Cassia seemed more curious about the glitch in the system, without which I don’t think she’d have ever started to rebel against her society. That coupled with a conversation she has with an Official makes me wonder just who is really behind Cassia’s awareness. Because I highly doubt she would have been curious about other possibilities if it wasn’t for that glitch that showed her Ky’s face on her match card. Cassia wasn’t much of free thinker – which would bring disappointment to her grandfather and father – but its how she was raised to be. Cassia and her generation are the vision of the ones who decided to make the society. I feel bad blaming Cassia for her actions when her actions are exaction what is expected based on what I know of the Society.

Another thing that bothered me slightly was when Cassia mentioned how most people had blue eyes. Blue is a recessive gene and so I wouldn’t think that it would have survived all the specific breeding that is done. I would have thought that since brown is the dominant eye color that it would win out. Although, artistically speaking brown eyes aren’t as pretty or considered to be an ideal when compared to blue. One rarely sees the swoon worthy male lead in a story with brown eyes – they are usually blue or green of some piercing or sparkling variety. In the case of selective breeding I think that Beth Revis did a good job in Across the Universe in mentioning how those on the ship all ended up with brown hair, brown eyes, and brown  skin (or was it olive? I dunno it was dark than Caucasian) as brown is the dominant gene. But this is the science nerd in me coming out so I shall shut up now.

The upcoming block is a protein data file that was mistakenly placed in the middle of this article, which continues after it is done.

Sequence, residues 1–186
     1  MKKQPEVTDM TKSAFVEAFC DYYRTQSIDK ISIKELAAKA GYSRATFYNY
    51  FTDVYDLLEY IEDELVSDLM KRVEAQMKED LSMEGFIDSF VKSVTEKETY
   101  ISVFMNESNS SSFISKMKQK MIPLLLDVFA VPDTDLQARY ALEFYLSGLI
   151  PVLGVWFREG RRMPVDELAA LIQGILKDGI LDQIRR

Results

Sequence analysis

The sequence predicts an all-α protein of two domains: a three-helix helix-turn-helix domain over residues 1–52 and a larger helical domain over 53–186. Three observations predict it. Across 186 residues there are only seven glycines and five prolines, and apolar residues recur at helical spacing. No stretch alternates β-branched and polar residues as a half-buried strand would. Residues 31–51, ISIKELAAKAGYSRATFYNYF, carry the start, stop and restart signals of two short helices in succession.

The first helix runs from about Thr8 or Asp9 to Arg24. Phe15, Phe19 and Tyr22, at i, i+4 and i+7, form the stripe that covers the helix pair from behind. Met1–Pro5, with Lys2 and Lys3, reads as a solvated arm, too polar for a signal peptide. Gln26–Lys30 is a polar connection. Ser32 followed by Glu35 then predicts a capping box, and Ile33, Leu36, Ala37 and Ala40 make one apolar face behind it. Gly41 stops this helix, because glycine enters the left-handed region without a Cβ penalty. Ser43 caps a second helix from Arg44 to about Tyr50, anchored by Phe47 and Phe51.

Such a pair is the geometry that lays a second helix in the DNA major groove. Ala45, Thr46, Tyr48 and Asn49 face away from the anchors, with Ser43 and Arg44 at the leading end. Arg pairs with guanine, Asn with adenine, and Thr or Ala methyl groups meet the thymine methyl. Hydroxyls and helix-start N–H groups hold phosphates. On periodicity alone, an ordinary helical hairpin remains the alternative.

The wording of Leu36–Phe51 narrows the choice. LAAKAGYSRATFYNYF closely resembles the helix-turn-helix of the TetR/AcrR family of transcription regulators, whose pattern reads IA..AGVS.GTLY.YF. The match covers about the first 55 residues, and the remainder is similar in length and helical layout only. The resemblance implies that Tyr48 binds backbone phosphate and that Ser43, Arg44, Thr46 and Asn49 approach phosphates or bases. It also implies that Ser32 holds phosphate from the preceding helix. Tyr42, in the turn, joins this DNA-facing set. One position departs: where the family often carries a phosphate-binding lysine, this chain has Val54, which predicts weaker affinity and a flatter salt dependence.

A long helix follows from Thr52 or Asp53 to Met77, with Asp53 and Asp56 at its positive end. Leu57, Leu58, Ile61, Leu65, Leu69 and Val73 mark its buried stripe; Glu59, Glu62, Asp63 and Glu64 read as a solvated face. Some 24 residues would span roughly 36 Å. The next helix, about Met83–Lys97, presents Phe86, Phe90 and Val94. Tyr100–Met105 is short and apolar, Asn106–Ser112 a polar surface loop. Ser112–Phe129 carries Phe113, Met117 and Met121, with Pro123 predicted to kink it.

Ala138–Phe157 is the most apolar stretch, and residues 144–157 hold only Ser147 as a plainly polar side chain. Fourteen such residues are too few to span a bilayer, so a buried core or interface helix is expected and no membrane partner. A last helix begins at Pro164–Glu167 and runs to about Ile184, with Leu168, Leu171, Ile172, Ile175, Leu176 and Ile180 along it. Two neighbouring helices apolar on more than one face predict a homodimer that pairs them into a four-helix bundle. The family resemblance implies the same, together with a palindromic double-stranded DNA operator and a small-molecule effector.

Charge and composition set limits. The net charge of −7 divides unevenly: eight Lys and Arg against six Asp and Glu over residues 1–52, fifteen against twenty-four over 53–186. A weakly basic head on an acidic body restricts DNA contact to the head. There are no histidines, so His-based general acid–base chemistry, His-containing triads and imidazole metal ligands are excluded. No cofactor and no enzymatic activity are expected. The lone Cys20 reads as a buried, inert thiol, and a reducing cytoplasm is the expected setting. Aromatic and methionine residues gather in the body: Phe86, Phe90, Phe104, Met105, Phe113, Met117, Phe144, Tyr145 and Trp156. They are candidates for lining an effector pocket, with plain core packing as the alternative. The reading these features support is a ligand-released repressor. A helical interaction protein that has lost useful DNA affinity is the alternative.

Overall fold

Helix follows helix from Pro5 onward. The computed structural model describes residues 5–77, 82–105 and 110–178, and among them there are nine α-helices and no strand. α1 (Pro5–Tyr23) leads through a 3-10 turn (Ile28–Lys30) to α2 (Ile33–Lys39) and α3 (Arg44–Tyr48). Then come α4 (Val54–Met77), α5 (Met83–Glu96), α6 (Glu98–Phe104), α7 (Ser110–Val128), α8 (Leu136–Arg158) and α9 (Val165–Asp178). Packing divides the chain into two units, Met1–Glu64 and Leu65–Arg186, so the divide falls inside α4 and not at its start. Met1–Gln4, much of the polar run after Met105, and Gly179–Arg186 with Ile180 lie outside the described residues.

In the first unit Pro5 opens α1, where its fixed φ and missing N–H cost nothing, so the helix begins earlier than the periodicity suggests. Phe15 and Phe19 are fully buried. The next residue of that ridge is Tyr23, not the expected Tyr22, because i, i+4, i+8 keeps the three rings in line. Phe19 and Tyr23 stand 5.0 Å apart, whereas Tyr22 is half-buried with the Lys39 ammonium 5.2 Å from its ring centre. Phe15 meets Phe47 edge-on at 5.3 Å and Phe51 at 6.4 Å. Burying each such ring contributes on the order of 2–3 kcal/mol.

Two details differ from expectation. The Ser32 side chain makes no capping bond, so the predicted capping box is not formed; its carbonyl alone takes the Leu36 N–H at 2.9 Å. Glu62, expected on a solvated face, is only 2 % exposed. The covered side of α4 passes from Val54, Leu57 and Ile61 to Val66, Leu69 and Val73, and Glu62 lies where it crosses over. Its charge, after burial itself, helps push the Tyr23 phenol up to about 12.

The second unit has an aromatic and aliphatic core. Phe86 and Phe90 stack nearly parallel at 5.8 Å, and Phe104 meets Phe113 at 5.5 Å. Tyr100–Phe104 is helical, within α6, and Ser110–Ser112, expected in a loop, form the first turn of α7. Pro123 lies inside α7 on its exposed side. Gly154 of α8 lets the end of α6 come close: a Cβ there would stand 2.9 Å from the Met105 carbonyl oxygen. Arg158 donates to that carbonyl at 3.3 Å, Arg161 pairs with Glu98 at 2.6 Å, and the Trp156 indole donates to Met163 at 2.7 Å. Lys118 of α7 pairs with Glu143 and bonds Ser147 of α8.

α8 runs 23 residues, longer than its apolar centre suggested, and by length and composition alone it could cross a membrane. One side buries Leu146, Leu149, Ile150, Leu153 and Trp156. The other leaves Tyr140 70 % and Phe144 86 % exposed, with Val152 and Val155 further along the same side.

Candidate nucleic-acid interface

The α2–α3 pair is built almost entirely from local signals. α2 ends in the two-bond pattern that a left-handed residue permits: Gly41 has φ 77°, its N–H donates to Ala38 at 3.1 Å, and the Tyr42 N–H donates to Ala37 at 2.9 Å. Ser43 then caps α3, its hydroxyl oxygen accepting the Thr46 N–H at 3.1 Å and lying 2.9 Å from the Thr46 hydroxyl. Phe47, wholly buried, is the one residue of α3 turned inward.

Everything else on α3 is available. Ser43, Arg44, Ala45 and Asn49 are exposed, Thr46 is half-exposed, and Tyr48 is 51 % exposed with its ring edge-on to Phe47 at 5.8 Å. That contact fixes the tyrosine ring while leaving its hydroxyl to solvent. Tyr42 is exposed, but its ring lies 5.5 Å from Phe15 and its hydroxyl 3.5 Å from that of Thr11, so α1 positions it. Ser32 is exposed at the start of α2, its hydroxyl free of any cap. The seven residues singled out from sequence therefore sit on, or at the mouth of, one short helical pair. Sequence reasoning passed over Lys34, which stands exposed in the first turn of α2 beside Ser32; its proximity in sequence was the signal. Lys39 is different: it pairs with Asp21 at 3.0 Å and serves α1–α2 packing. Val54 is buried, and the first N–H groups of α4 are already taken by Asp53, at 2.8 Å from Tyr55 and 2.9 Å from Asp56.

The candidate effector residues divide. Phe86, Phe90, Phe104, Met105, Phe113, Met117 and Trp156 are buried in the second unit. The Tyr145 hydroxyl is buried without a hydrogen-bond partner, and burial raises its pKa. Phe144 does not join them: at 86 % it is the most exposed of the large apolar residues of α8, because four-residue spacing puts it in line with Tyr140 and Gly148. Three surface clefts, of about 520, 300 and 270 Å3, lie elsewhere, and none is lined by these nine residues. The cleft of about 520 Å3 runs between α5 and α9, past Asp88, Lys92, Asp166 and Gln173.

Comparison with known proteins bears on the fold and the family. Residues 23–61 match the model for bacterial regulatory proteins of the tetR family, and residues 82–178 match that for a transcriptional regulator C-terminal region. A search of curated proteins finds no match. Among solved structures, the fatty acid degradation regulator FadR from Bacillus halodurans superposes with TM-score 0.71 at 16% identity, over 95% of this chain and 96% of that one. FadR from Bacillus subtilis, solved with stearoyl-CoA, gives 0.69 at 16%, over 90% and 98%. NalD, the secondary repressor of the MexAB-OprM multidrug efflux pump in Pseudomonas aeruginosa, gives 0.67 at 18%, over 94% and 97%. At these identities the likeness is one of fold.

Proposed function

I know there were other things that I wanted to say but my brain is just not thinking of them right now. In fact, even though I just finished this book a few days ago I’m finding it all a bit forgettable. Usually I am very good at remembering book details but the events of Matched are quickly slipping away. Overall, Matched wasn’t a horrible read. I just found it to be slow and just a wee bit predictable. I think I would have preferred this one to be a standalone because to have another two books just seems like its really going to drag this story out. I’m currently on the fence on if I’ll be reading the others or not. Will have wait to see what the synopses are before deciding…and since I hardly ever read a book synopsis these days that’s kind of a big deal for me.

6 Responses to “Matched by Ally Condie”

  1. Pam

    I think instead of writing a review for this I wrote more of a mantra for the differences in genre. Matched is not a dystopian novel, the next two may very well be but Matched was a Negative Utopia.

  2. Michelle

    I’m right there with you on this one. It was just kinda *meh*. I didn’t find the romatic elements romantic and the story was just so slow. I’m still going to give book two a try because the very end piqued my interest but it won’t be a priority.

  3. Cathy

    It’s always interesting to read a negative review about a book everyone is raving about. I didn’t love it but I didn’t hate it either. Great review by the way. Instead of saying “read this book” or “love it”, you really shared your thoughts. Great job!